Another great thing about such a holiday is that your “to-do” list is actually so easy and achievable that you can remember it without writing it down or putting it in any app, and, more importantly you can actually achieve it. Walk, eat, sleep, listen to your body, enjoy, repeat. Now, I could go on, but the last benefit of such a vacation, for anyone really, but particularly for the peacebuilder, is that you see progress. How often is our progress or success so difficult to measure? How many more meetings or emails will it take to feel like there is “progress?” Well, when you are walking the coast of Tanzania, you can literally see the skyline of Dar es Salam, where you started, disappear in the distance behind you and you can see the shoreline and villages changing as you advance. You can even see the astonishment in people’s faces when they hear where you started. “That’s impossible” is often said (if not, “that’s crazy”). It is indeed a great discovery to feel in your bones, and your feet, that the “impossible” (or crazy for that matter) is simply many small steps of “possible”, and it is a discovery that refreshes and even relaxes you.

Now, we need something to tie this all together. Or perhaps, to speak your language, you can call this the “Executive Summary,” and since we live in a world of acronyms and something practically doesn’t exist if it does not have some memorable acronym, here is one that may help summarise what a good vacation and recharging period requires. Let’s call it CUT:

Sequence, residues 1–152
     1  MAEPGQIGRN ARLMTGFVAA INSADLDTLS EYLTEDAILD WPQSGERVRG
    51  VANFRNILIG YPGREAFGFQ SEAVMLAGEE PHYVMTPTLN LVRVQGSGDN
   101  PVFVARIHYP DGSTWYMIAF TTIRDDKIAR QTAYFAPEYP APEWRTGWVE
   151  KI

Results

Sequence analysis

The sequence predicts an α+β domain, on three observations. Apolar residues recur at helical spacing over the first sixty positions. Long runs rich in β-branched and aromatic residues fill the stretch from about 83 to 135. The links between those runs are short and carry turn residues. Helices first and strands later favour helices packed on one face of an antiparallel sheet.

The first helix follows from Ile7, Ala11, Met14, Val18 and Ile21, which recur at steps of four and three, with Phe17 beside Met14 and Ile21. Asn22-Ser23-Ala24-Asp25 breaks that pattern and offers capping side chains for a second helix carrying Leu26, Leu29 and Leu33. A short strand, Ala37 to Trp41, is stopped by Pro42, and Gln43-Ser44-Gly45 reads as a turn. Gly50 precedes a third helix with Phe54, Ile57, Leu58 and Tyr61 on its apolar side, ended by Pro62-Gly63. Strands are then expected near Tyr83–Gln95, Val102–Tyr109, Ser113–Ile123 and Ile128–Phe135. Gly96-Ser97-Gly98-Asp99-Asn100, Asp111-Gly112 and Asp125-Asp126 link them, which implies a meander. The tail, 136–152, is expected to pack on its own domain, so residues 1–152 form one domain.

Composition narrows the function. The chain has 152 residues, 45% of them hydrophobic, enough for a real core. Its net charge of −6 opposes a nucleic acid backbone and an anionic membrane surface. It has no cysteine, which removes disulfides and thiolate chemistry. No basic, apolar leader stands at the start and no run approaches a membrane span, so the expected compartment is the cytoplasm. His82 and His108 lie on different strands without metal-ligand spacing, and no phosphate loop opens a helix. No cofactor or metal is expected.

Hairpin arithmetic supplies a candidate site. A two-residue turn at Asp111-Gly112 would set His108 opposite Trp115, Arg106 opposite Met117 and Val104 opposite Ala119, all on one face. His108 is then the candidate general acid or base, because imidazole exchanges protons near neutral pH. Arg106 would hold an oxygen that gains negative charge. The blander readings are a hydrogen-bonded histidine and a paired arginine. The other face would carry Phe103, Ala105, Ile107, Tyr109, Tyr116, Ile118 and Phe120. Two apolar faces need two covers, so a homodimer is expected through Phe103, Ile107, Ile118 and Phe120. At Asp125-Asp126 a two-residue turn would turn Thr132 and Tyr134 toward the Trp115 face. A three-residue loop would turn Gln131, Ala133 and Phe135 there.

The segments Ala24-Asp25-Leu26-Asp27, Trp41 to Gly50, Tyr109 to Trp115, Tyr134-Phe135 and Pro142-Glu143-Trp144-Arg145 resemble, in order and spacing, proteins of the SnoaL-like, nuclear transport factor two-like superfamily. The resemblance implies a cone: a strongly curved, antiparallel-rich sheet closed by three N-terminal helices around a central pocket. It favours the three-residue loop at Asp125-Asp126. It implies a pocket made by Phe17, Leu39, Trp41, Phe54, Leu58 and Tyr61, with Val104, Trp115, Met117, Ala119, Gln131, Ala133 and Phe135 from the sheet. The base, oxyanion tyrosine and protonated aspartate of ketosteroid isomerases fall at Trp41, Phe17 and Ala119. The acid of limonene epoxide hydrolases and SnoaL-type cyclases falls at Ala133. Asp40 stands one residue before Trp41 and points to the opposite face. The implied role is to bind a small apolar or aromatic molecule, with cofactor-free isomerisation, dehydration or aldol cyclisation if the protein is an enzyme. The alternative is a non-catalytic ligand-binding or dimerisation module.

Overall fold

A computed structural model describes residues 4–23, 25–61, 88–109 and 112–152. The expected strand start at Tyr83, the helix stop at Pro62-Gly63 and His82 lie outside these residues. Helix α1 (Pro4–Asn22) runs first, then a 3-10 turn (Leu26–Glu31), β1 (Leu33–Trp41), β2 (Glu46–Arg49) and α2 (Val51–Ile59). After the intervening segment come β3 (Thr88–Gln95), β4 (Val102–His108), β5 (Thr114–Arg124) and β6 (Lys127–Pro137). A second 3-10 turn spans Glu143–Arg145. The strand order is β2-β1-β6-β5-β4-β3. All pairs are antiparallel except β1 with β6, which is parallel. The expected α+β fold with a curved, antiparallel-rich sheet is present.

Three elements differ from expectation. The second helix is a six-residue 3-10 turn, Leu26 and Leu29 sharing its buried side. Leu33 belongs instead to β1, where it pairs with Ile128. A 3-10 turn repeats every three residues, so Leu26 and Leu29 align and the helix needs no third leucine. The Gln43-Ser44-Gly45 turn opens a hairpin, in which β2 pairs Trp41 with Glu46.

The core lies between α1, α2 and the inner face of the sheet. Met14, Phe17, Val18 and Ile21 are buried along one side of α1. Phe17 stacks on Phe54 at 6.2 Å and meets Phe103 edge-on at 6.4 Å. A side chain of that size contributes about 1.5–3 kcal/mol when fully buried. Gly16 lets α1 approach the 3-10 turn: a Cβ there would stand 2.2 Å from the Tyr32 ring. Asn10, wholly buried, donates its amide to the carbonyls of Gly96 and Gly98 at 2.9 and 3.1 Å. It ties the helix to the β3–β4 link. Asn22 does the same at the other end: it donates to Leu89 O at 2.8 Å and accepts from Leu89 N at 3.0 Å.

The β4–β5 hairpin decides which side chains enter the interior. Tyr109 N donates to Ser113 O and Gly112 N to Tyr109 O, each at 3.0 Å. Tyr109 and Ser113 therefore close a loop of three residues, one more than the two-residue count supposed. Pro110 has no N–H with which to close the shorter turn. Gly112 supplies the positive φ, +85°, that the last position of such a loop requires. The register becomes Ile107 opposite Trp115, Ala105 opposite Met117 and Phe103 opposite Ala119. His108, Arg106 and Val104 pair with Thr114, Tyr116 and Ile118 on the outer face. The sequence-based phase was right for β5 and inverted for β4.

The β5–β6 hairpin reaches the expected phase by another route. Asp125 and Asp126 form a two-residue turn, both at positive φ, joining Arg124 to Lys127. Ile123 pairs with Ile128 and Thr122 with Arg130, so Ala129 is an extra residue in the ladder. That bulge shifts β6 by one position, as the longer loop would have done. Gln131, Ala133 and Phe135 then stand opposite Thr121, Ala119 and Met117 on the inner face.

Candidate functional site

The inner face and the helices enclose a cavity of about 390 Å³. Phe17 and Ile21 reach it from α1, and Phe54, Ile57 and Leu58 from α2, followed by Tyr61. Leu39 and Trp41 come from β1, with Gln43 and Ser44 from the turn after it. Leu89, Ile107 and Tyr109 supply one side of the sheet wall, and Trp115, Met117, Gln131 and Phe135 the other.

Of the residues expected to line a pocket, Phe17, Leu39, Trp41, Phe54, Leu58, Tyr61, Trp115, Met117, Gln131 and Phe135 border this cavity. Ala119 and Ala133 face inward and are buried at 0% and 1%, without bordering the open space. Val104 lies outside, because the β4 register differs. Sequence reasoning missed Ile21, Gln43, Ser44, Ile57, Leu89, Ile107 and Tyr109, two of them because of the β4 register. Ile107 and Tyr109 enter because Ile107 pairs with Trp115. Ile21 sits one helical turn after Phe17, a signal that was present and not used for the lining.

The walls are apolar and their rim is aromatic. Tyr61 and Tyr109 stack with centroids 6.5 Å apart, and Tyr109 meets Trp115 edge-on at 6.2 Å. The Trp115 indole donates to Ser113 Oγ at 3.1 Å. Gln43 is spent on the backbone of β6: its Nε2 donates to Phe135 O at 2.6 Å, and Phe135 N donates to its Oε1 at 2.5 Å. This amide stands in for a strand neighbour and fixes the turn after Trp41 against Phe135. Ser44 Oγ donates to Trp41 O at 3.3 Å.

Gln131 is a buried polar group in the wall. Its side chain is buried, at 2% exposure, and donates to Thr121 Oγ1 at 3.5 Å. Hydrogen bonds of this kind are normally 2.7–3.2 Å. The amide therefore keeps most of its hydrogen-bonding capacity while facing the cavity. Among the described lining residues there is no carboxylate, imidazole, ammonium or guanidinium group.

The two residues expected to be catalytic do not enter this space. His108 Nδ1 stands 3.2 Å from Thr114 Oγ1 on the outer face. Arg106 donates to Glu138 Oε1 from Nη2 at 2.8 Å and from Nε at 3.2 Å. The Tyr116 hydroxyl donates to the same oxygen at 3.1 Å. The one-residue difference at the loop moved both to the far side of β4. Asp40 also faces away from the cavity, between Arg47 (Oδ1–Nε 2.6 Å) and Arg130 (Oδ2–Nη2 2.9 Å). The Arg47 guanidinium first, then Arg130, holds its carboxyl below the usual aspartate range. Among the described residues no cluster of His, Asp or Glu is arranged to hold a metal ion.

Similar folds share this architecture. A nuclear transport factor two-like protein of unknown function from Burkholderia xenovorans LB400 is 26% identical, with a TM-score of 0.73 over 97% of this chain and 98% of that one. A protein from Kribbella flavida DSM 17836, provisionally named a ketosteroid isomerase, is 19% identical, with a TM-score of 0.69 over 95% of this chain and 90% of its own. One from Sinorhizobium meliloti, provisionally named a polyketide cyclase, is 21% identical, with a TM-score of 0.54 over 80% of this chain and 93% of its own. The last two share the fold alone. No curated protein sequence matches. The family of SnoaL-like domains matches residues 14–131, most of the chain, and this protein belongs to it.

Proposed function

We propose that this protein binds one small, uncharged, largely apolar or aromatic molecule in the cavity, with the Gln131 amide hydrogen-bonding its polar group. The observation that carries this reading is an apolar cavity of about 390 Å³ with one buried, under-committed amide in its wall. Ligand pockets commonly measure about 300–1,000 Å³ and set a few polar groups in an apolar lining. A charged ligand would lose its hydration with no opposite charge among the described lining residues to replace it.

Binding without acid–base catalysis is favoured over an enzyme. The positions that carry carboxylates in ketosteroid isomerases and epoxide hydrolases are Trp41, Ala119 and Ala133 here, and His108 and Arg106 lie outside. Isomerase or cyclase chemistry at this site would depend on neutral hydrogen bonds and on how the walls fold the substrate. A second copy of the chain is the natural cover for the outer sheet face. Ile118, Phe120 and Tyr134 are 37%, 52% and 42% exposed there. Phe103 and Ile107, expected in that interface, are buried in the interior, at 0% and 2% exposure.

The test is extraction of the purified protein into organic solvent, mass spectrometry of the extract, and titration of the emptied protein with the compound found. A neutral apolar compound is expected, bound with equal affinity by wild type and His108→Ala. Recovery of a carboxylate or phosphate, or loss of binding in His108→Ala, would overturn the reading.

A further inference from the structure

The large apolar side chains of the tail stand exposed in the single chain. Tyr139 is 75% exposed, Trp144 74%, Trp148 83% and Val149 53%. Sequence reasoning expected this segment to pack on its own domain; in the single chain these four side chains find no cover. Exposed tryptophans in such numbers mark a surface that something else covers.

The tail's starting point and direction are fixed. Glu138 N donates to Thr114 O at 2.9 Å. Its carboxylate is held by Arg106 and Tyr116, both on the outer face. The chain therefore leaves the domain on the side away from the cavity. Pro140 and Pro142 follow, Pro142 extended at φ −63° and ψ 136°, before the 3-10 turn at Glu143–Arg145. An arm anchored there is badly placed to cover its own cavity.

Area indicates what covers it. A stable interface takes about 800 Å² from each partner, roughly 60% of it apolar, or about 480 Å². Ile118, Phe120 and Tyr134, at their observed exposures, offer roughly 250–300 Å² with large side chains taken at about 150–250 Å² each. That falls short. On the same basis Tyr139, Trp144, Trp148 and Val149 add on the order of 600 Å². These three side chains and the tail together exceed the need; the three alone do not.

• Connect: with yourself, with loved ones, with nature, with your passion
  • Unplug: from work, from technology, emails and other work communication
  • Try: something new, a bit of adventure, a bit of uncertainty, and not something that can be measured, or weighed down, in success or failure

Lastly, I know that walking is not for everyone, but some of these things that I mentioned can be helpful in refreshing oneself and finding some peace in the midst of turmoil. We probably need to ask ourselves more regularly, what refreshes me? Where and how can I find some peace for myself? Where and how can I keep from being torn in many different directions, or pieces? The work we do is important, and urgent, and indeed quite necessary and what’s more sometimes we really have become “indispensable”. But, in order to be able to give the best of yourself to your team, your partners, your family, even the donors and more importantly to yourself you may need to think of how that is best done for you.

And a final thought. We can certainly give our precious time, piece by piece, to building peace. My experience simply shows that maintaining some of that “building” to be done within your own life, is not only the best thing you can do for yourself, but for everyone else too.

Wishing all of you a great journey in this year ahead.


Photo: Rainer Gude